She's playing with our pet OR She plays with our animal, but not She plays with our pet...
"Sie spielt" can either mean "she plays" or "she is playing." "Sie spielt morgen" even means "she will play tomorrow." German does not have a distinct present progressive tense, so it is flexible this way.
I think Kwelta is pointing out that pet and animal should be interchangeable whether we say "is playing" or "plays". It seems as though he/she couldn't use pet with "plays".
In dative, m/n : unserem, f: unserer, plural: unseren. A nice link to complete chart can be viewed at: https://deutsch.lingolia.com/en/grammar/pronouns/possessive-pronouns. Hope that helps.
"pet" is "Haustier"; presumably they mean a pet but I would say "animal" if it says "Tier".
Germans do call a pets "Tier" as well as "Haustier". The meaning is understood. Pet should be accepted.
Thanks for the response kyky. Oddly, one of the acceptable responses listed is: 'She's playing with our pet'. I will take your advice for Haustier (housepet, I assume) only for pet.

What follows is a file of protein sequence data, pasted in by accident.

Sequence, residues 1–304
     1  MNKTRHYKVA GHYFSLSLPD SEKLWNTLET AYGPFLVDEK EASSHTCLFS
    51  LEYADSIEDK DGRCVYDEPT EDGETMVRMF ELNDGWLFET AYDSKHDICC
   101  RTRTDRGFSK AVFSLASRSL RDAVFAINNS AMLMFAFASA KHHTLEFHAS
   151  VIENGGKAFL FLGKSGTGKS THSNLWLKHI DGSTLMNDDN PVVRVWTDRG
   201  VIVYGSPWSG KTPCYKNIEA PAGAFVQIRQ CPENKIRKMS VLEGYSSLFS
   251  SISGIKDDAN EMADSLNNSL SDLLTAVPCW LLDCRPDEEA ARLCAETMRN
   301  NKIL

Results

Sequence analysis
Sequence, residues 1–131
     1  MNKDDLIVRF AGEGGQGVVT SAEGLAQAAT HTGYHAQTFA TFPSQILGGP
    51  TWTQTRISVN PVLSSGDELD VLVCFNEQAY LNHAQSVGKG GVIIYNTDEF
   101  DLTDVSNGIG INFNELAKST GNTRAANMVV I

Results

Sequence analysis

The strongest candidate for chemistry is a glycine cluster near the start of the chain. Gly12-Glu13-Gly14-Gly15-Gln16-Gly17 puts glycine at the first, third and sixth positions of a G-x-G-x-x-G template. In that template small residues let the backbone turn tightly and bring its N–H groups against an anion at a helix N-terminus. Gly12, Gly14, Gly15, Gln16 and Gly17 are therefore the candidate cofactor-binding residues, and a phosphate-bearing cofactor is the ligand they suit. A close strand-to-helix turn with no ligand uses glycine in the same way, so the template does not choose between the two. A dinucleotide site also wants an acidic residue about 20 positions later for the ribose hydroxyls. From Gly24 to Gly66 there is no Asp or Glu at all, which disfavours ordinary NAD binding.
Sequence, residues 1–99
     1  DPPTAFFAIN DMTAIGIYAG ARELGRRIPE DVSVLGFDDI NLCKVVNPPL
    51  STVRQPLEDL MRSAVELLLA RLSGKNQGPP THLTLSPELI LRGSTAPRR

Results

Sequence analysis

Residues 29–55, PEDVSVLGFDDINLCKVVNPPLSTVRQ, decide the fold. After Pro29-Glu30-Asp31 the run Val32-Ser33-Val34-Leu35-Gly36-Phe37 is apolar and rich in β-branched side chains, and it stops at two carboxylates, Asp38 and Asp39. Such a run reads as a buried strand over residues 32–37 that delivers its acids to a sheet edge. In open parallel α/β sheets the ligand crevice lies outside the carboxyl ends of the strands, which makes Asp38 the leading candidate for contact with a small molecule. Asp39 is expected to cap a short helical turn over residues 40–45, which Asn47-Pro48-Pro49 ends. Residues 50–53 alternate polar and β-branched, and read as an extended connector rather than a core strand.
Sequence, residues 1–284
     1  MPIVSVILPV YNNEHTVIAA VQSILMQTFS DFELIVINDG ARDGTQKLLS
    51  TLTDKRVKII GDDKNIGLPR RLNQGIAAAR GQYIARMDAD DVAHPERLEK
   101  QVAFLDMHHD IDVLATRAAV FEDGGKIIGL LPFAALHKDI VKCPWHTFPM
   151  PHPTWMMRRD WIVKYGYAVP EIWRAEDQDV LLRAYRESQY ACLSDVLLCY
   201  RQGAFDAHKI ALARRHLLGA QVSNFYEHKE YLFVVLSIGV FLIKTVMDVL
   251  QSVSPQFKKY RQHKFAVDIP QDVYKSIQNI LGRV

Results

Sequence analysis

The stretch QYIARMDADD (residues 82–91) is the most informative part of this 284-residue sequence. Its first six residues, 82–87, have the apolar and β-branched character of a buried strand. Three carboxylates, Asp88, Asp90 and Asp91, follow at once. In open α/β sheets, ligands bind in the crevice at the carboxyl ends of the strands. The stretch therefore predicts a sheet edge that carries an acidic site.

The thing is that said "Tier" belongs to them. That makes it likely to be a pet but it could also be some other animal.
Unsere vs. unserem. What is rule, again? This is giving, continuous, confusion.
Adjective endings depend on case, number, and gender, but they are also weakly or strongly inflected depending on whether or not they are accompanied by a definite or indefinite article or not.
That is to say, there is no one rule: it's a grammatical system. The following links take different approaches in presenting more information and may help you: